Zombies Ate My Neighbors is an SNES (and Genesis) game made by LucasArts (Lucasfilm). It's a combination maze and run-and-gun game with a self-parodying, classic horror film theme.
You control a Bart Simpson wannabe in 3D glasses named Zeke or a girl in a purple jacket and red hat and shorts named Julie. Better yet: play with two players and get maximum enjoyment out of simultaneous play. Each of the game's more than 50 levels is a maze filled with monsters and ten neighbors to rescue. The neighbors are caricatures, like a cheerleader, guy barbecuing, guy floating in an inner tube, dog, girl on a trampoline, and tourists. As soon as a neighbor is on screen, if a monster touches it, they scream and turn into a ghost. If you touch them first, you save them and earn points. Once one dies, they're gone for the rest of the game. As a result, you'll have fewer and fewer to rescue as you progress. However, every time you earn 40,000 points, one neighbor is restored. If the last one is killed, or you run out of your three lives, the game ends.
ZAMN is a unique game. You move through a large number of maze-like stages, earn points by collecting items (neighbors), then escape through a portal that appears. It feels like an arcade game. The closest analogies I can think of are Smash TV, Gauntlet, and Tower of Druaga. Watching an interview with the developer, Mike Ebert, I was not surprised when he said he and his team were inspired by classic arcade games!
Zeke and/or Julie begin with a squirt gun, which is a good weapon. They can find many other weapons, including a bazooka, fire extinguisher (that freezes enemies for some reason), dishes, silverware, exploding soda cans, tomatoes, a magical cross, and a weed whacker. The weed whacker is an effective weapon, though it runs through its charges rapidly. There are also secondary items, such as health pick-ups, keys, speed-up shoes, potions, and decoy clown balloons, which distract monsters until they pop. The items fit with the game's overall theme, which is suburbia and cheesy horror movies.
The stages are suburban neighborhoods, department stores, factories, and other mundane settings. There are also some more exotic locations, like a castle or pyramid. The monsters are ripped straight from horror stereotypes: zombies, mummies, chainsaw maniacs, killer blobs, werewolves, and a killer toy come to life (named Tommy, not Chucky). The whole game screams Americana, which may be its greatest strength. There is a good variety of creepy and unusual music, too.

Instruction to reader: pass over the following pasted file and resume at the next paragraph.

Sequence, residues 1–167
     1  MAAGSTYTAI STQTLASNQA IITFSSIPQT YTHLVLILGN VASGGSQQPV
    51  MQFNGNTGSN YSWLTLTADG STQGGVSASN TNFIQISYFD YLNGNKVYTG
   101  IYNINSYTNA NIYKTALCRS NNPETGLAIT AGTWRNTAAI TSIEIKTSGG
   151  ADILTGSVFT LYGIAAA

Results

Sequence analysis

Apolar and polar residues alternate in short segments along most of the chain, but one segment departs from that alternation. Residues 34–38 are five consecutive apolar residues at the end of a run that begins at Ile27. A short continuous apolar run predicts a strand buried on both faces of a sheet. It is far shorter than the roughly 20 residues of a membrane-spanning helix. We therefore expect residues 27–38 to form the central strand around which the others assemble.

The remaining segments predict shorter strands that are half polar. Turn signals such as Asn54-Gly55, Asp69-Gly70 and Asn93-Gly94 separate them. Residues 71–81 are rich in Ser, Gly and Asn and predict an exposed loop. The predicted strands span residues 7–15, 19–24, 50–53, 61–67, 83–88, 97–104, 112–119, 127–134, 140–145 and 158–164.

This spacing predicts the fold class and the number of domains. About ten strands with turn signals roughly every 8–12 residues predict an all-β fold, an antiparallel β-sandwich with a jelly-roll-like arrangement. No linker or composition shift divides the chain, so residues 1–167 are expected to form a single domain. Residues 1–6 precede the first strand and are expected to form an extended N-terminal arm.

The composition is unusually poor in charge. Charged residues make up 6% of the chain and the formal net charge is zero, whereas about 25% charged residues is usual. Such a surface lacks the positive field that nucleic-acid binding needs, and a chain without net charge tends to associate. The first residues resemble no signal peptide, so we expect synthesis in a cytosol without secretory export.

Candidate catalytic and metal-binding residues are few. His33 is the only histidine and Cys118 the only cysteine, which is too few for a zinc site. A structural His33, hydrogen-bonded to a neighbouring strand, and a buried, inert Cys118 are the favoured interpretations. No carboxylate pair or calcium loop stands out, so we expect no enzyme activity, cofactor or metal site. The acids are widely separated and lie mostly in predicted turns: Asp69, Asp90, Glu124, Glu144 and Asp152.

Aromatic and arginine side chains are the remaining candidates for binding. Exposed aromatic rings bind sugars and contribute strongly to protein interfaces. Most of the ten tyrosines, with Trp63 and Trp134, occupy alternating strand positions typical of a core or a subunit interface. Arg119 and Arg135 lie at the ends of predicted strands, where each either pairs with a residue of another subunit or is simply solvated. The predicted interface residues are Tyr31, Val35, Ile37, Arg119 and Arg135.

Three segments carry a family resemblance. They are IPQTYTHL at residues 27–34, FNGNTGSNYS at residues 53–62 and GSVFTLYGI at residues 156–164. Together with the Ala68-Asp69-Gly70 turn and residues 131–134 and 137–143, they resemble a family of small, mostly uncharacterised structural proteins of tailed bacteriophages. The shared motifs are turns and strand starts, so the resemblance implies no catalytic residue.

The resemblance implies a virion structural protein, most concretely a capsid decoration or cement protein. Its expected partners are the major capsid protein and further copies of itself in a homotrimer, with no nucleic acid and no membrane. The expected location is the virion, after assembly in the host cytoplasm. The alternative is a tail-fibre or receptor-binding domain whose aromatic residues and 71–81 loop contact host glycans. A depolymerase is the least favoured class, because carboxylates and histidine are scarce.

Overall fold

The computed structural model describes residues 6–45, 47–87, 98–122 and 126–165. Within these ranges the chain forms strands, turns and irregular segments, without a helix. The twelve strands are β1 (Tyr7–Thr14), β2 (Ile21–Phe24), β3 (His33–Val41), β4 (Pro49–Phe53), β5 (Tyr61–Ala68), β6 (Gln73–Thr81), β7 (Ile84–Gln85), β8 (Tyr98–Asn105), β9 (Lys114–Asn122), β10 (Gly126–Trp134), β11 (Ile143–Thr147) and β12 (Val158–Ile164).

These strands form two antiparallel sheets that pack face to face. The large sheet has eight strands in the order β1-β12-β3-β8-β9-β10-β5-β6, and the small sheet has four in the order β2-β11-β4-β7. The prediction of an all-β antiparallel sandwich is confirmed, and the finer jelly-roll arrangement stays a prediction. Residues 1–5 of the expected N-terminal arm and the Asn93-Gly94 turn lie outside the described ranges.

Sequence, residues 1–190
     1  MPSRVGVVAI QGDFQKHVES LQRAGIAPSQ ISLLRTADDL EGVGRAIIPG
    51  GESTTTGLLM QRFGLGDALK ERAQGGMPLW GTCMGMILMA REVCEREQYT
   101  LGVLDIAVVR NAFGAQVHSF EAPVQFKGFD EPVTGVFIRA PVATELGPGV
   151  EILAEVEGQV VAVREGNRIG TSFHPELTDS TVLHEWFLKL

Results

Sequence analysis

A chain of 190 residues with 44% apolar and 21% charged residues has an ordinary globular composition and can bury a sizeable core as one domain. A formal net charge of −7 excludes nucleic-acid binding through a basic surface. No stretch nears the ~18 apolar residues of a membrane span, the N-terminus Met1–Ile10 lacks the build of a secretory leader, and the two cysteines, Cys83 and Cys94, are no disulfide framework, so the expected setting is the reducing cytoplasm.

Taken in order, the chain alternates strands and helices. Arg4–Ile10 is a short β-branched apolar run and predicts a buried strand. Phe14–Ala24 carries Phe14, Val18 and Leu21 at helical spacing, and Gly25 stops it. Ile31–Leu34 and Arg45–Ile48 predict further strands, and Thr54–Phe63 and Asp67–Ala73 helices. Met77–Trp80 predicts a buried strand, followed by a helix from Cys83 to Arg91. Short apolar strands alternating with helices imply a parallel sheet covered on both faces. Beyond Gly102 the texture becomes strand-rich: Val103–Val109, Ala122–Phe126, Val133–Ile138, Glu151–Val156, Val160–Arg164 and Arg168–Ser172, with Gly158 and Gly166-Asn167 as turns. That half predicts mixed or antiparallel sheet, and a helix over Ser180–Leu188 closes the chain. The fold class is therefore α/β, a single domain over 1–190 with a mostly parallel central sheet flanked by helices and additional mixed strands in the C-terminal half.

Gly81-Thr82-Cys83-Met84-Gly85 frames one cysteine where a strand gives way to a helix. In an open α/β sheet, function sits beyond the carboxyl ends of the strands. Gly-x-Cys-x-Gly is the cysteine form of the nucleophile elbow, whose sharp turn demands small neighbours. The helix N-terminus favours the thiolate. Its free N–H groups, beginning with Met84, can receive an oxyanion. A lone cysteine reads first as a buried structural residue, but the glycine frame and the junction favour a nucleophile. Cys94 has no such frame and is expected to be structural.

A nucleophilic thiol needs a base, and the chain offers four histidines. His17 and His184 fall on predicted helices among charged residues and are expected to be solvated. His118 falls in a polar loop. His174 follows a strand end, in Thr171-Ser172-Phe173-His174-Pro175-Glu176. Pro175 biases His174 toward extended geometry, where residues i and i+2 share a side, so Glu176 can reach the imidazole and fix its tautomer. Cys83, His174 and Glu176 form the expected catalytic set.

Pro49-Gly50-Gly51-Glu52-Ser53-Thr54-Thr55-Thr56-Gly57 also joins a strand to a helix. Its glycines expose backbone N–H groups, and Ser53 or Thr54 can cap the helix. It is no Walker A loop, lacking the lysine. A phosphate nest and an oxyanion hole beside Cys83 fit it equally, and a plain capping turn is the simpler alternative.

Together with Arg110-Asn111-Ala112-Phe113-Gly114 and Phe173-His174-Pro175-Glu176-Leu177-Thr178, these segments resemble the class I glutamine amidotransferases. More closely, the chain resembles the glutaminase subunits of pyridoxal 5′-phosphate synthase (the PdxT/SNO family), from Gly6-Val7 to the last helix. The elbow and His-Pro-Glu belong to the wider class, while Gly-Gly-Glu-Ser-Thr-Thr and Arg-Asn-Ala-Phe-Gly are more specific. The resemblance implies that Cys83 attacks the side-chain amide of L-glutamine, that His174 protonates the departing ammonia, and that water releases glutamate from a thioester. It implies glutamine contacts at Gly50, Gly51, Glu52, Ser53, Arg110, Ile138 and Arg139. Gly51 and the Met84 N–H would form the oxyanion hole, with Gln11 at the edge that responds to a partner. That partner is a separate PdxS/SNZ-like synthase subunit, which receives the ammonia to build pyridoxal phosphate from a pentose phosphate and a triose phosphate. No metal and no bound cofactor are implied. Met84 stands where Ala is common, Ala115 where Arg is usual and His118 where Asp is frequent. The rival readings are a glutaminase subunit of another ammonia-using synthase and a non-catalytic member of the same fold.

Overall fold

The controls are simple. Cycle through weapons with B; press Y to fire. Cycle through your other items with A, and press B to consume it. Pressing L or R pops up a short-range radar, which shows where nearby neighbors are, relative to you. This is helpful, though the maze-like nature of the stages means nearby neighbors are often separated from you by walls. Zeke and Julie can create openings in certain wall segments by blasting them with a bazooka. By drinking a red potion, they can briefly transform into a werewolf-like monster, which can smash walls (and enemies) with its claws.
My only criticism of Zombies Ate My Neighbors is that it's really hard (again, like an arcade game). Monsters are fast and take multiple hits to destroy. It's easy to run out of ammunition. Some of the weapons, such as soda cans, are hard to aim. Sometimes when a neighbor appears, they are immediately killed before you even had a chance to reach them. Thankfully, there are no one-hit kills against Zeke and Julie. You have a health meter that can be refilled by pick-ups, such as (what else?) pizzas.
You get a password every four levels. Unfortunately, passwords do not record your items. They do include how many neighbors you had left. As a result, using a password makes an already difficult game even harder. What is the good in beginning at, say, level 17 if you have no items and only half your neighbors? If you want to make it far into the game, you're better off starting over. But this means playing the early levels over and over. The passwords are only four characters long. It seems like the developers wanted to avoid the long, complex passwords of the time. I suspect few people ever beat this game. Indeed, Ebert says they wanted the game to seem endless, like old arcade games. If you're going to play it, I recommend doing so with a second player, as it's more fun.
"The game takes the "B" grade horror movie theme and builds a unique action game experience around it that feels like a cross between a shoot 'em up and a scavenger hunt."
— Corbie Dillard, Nintendo Life, 8/10
"Presented in a goofy, B-movie style, the now cult-classic ZAMN set the standard for all zombie games to follow."
— IGN, #48 of Top 100
"This game has a fun premise, responsive controls, and a wonderful mix of comedy and horror."
— Kyh Yang, Ultimate Nintendo: Guide to the SNES Library, 4/5